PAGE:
So one of our clients, they’re a pretty high-level trainer in the NFL and NBA like major league for football, American football and basketball. their signature was a very specific workshop that they taught live.
And they worked at such a high level that other professionals followed suit. And now they’re being mentored by this person. And they built out their consulting business.
For a local business, if I was thinking about a signature product, I mean, let’s just talk about restaurants, right? If you had a signature dish, that’s your signature product, like if you if everyone’s selling the same exact burger or whatever. If you’re Making that signature where you’re having a certain kind of sauce, you’re bringing in the freshest kind of vegetables with that the lettuce, whatever that’s telling the storyline, that’s differentiating you from all the other restaurants on the same street.
So the signature product, it can exist in many different forms, but you want it to be a calling card that only you could produce that product or service and no one even if they imitate it, they can’t be on the level of you.
RK: Great, awesome. So we really discussed a lot of points about creating your own blue ocean in an amid the, such a competitive environment that we have today.
What are some of the books that you really recommend entrepreneurs to read and get started especially you mentioned about copywriting and how much value to add in your in when you started up? So what are some of the best books probably taught three books that you would recommend the entrepreneurs three.
Doc: Top three? Okay, this is gonna be tough. So there’s a book that came out in 2013 called Unlabel, that is from Marc Ecko. That’s one of my favourite books.
The Pixar book, that the co-founder of Pixar for animation that got bought by Disney, I think it was called Creativity Inc. That was the book that was like 2013, maybe 2014. Love that book, one of the top notch books.
What is that Purple Cow by Seth Godin. That’s another great one and I think those are my Those are my most preferred books, but I do a lot of other like, other vertical books to get people to think outside of the business.
I recommend people to start reading books on chess and strategy, just randomly. The reason I bring that up is marking books sometimes you get into that drive of everyone sounds the same.
But if you have certain other demographics on the marketing books, I’m just a huge fan. I’m just a huge fan of textbooks and I’m actually looking up two other books for you right now.
I apologise. I should have had them up earlier.
There’s a different book called The Innovators. It’s the history of computing of computers all the way from the 1800s to nowadays starts with Ada Lovelace. That book is phenomenal, phenomenal! about how technology has changed.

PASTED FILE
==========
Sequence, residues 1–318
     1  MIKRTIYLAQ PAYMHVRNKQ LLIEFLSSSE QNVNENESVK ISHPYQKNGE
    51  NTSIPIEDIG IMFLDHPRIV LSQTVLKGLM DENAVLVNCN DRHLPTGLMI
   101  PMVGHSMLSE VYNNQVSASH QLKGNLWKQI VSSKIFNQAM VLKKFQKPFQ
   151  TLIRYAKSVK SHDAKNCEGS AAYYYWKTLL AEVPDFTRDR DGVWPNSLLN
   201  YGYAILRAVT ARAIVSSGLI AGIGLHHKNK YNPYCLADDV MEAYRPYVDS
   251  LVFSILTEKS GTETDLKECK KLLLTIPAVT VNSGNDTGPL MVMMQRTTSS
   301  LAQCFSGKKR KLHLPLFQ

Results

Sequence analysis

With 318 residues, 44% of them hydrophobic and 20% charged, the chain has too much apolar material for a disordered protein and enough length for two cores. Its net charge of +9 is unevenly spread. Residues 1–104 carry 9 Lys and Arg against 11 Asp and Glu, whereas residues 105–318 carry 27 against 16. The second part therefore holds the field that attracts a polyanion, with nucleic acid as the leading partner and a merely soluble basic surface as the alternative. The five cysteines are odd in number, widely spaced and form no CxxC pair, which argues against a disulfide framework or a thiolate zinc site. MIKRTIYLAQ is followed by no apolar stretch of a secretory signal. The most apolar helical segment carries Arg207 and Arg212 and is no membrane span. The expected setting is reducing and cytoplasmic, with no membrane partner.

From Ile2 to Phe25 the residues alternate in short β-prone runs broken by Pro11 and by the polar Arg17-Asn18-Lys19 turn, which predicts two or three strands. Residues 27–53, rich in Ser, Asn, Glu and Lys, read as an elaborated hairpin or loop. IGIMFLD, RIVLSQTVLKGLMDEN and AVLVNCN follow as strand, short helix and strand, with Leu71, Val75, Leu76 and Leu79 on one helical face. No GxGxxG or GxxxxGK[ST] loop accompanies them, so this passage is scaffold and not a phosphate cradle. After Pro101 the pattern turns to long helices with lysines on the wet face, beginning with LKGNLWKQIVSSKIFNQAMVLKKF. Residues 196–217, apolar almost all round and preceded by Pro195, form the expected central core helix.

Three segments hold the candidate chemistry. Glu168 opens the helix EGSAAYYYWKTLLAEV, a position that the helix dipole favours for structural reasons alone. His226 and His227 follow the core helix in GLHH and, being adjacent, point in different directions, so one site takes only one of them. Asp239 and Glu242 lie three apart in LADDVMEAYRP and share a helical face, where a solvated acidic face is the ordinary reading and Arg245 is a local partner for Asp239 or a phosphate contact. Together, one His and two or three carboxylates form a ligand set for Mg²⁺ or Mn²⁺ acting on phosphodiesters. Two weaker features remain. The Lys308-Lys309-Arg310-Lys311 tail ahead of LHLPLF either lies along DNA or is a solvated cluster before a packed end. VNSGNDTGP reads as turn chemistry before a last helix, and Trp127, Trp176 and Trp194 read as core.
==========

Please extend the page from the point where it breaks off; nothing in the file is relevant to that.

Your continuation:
It goes through all of the 1800s into when Steve Jobs first created everything, you know, with Mac, and also Walter Isaacson. So he did that for the innovators Walter Isaacson also did a book called Leonardo da Vinci and it breaks down all of how he innovated art and how from his childhood all the way through. That’s a great book.
One last one. I will stop. I’m sorry. This is the book. It was Joey Coleman – Never Lose A Customer. That book I’ve read almost every year. And, wow. That’s a wonderful book.
RK: I read a lot of offbeat books that not many people would have listened about or being aware of, you know, so this is great. I love asking this question.
Doc: Oh, one last one too, Traction: Get A Grip On Your Business by Gino.
Yeah, but I’ll stop. That’s it. I’m done.
RK: Excellent. Great. So a great news for all the TGL podcast listeners and viewers. Doc Williams has promised to create an exclusive gift for all of us, which is his Gary Vee content model 2.0 with a video walkthrough and the worksheet that helps you get started immediately.
So I will make sure to leave the link to that in the show notes and make sure that if you’re listening, make sure that you are going to search on your phone or computer when you get back home and download this.
Great thank you so much, Doc Williams, and how can people find you online?
Doc: Yeah, so they go to Brand Factory Inc, brandfactoryinc.com and then the new project that we’re working on “build with me”, you can go to Build With Doc buildwithdoc.com
And that’s where I’m building three businesses a night with one tool and as we’re in quarantine, I’m doing this for 40 days straight so you can see all episodes, all the tools, all the businesses right on that page and you have all the live feed while I’m building live so you can watch that and help. You know, if you want to build with that product. You can watch all those live feeds.
RK: Right? What better way to learn than seeing the master at work?
Doc: No way a master, but I’m trying so it’s been fun.
RK: Excellent. So I, for sure look forward to following your journey on buildwithdoc.com. And I know let’s keep in touch man, it was very nice talking to you.
Doc: Yeah, likewise, know you’re doing a great job. Thanks so much for having me. And yeah, man, this is gonna be good. If you need anything. Just hit me up. All right.
RK: Absolutely. Thank you so much, Doc Williams for sharing your years of wisdom in such a short 30 minute episode. Thank you very much.
Doc: No problem. Thank you.